There are probably more studies and biographies of Mark Twain — the pen name of Samuel Langhorne Clemens (1835-1910) — than of any other figure in American literature. And why not? After all, Twain produced at least three or four titles that rank high on almost everyone’s list of favorite books. “Huckleberry Finn” is a leading contender in the The Great American Novel sweepstakes. “The Adventures of Tom Sawyer,” as biographer Roy Morris Jr. observes, “seems to take place in perpetual summer” and conveys an “ineffable magic.” Twain’s own favorites, if no one else’s, were “The Prince and the Pauper” and “A Connecticut Yankee in King Arthur’s Court.” Instead of those “English” novels, I would argue for “Life on the Mississippi.”
However, Mark Twain was more than just an author. The barefoot boy from hardscrabble Hannibal, Mo., rose to become a global celebrity, the most famous American of his time, rivaled only by Teddy Roosevelt (whom he once derided as the “Tom Sawyer of the political world”). His quips and yarn-filled performances in “Mark Twain at Home” took him to lyceums, opera halls and auditoriums around the world. In fact, as “American Vandal” reminds us, he spent more than a dozen years of his adult life outside the United States.
In an earlier book, “Lighting Out for the Territory,” Morris chronicled the youthful Twain’s adventures out West and in Hawaii. In this new book, he picks up Twain’s life when, at the age of 31, the young journalist arrives in New York City in 1867 and signs up for what would we now call a pre-packaged luxury cruise. The Quaker City would sail across the Atlantic, swing into the Mediterranean, pause at various ports of Europe and finally deliver its pilgrims to the Holy Land and the ancient monuments of mysterious Egypt.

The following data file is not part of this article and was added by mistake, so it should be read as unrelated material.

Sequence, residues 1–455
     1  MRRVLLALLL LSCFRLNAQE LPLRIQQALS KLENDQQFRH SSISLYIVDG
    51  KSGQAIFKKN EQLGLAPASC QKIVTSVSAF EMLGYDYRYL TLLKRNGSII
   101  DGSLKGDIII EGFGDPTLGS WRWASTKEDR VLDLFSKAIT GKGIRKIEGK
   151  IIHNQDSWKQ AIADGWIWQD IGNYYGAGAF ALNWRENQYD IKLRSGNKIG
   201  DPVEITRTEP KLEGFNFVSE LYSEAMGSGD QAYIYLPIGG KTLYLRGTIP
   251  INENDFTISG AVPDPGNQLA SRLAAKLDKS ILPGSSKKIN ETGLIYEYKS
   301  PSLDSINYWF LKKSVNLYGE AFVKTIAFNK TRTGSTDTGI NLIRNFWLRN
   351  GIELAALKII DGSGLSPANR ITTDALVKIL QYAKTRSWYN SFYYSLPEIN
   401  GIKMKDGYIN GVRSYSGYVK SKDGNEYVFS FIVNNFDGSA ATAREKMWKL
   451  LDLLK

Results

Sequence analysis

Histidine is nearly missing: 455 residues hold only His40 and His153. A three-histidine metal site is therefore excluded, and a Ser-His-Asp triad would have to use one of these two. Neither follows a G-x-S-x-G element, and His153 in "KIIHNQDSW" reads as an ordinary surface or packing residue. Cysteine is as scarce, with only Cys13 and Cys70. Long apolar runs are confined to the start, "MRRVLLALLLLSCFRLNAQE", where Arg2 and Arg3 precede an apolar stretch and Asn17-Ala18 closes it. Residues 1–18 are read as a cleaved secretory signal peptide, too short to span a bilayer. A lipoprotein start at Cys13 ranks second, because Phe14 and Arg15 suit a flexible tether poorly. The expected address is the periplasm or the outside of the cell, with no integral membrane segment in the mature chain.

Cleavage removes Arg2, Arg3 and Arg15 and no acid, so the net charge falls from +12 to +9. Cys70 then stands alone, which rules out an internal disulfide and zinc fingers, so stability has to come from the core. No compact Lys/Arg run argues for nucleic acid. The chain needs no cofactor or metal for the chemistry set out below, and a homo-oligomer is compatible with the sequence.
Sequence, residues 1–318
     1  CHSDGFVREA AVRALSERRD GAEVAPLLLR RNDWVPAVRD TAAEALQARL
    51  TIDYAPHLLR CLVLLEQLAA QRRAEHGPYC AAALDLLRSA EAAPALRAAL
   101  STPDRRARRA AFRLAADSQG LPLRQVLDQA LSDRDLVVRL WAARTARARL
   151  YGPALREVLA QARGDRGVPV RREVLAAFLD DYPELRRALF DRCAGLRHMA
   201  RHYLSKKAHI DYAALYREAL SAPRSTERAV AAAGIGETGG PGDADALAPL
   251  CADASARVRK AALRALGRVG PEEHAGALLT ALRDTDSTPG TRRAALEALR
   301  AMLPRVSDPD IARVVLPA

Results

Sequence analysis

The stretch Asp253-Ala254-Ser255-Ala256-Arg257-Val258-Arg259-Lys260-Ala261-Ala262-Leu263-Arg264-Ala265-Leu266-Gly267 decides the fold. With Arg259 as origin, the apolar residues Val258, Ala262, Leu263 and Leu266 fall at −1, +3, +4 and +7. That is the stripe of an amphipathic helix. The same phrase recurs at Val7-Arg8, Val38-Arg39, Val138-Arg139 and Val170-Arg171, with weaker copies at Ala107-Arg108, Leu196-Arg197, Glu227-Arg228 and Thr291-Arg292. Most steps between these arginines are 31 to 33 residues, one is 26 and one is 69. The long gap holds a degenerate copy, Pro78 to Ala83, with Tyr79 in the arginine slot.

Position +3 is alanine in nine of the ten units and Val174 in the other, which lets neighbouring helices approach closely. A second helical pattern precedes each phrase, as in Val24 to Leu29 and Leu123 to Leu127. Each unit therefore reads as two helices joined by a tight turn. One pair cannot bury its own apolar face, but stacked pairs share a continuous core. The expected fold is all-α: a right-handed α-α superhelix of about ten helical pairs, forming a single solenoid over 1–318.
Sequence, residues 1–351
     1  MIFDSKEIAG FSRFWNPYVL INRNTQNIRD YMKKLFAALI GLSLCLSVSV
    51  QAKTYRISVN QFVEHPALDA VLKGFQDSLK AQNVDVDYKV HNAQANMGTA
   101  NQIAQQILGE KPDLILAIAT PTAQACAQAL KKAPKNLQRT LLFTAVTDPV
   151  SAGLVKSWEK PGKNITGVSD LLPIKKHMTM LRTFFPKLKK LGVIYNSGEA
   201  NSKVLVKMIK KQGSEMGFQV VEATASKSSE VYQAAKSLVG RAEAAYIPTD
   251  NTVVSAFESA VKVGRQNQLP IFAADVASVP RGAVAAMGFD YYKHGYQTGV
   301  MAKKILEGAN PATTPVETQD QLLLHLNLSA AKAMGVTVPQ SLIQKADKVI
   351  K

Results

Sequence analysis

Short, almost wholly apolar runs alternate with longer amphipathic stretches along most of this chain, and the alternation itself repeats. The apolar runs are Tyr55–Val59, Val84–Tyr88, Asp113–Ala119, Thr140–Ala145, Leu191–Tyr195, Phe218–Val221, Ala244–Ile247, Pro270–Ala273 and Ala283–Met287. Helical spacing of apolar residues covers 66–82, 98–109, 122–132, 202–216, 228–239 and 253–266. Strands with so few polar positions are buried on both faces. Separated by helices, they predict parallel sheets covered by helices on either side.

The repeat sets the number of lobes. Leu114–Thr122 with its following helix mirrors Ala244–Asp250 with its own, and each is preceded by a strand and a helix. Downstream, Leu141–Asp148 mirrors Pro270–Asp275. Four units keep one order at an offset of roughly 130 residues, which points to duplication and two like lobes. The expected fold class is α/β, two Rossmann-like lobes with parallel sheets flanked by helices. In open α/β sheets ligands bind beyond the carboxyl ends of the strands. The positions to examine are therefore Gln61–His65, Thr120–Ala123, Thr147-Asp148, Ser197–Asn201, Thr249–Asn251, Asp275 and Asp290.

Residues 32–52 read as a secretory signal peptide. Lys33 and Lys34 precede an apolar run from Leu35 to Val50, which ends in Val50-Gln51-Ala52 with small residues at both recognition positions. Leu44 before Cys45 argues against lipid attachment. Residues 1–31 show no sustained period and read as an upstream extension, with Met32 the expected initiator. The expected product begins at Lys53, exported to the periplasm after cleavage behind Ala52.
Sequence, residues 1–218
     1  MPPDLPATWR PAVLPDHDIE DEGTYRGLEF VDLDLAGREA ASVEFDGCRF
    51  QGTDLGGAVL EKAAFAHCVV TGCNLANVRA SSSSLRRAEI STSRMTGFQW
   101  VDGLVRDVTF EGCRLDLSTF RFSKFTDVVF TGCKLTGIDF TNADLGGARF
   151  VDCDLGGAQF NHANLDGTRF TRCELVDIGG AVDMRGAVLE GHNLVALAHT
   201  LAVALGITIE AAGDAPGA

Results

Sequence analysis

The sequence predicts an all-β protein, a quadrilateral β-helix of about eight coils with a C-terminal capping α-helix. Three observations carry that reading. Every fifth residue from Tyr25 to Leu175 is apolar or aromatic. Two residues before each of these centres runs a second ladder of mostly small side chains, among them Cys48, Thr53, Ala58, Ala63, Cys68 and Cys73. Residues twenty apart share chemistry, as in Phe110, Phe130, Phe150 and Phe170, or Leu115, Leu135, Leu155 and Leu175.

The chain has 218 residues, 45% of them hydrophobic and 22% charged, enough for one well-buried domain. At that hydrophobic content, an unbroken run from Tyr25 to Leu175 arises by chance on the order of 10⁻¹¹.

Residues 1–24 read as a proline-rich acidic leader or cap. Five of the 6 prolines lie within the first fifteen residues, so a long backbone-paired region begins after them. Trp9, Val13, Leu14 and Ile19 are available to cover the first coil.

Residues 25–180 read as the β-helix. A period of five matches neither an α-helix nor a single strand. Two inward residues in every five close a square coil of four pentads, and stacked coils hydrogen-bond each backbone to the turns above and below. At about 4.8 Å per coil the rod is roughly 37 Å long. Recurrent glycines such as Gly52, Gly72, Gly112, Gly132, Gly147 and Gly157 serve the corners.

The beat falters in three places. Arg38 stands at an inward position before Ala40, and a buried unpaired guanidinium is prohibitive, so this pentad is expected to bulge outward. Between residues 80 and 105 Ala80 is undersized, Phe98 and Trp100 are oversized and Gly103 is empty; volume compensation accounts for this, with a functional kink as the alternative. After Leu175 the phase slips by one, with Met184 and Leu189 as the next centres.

As a roving correspondent for a San Francisco newspaper, the Alta California, this was just the kind of roving Twain wanted to do — and he persuaded his editors to underwrite this “picnic on a gigantic scale.” When he came to publish his account as a thick volume, “The Innocents Abroad, or The New Pilgrim’s Progress” (1869), it became not only his first book but also “the best-selling American book since ‘Uncle Tom’s Cabin.’ ” In its pages Twain looked at old Europe not as a Henry Jamesian sophisticate but as a down-to-earth, no-nonsense “American Vandal.”
Morris gives a quick overview of that journey, with abundant quotations from Twain himself, noting that, apart from the New Yorkers on board, the largest contingent of the ship’s company were members of the First Presbyterian Church of Cleveland. Many of the 65 to 80 passengers — the exact number is unknown — were writing up the voyage for hometown newspapers: “Everyone taking notes,” Twain observed sourly. “Cabin looks like a reporter’s congress.” One especially colorful character, Bloodgood Haviland Cutter, fancied himself a poet and regaled his fellow tourists with such effusions as “Recollections of the Pleasant Time on Deck Last Night” — in 75 stanzas — and “Apostrophe to the Rooster in the Waist of the Ship.”
Fortunately, Twain’s cabin mate was, in his words, the “splendid, immoral, tobacco-smoking, wine-drinking and godless” Dan Slote, whose luggage included 3,000 cigars. In between shore visits, chiefly given to mocking famous paintings and sacred relics, Twain, Slote and a handful of fellow roisterers would smoke, play cards and talk about women. Those of Genoa, Twain maintained, were the prettiest in the world: “I fell in love with a hundred and eighty women myself, on Sunday evening, and yet I am not of a susceptible nature.”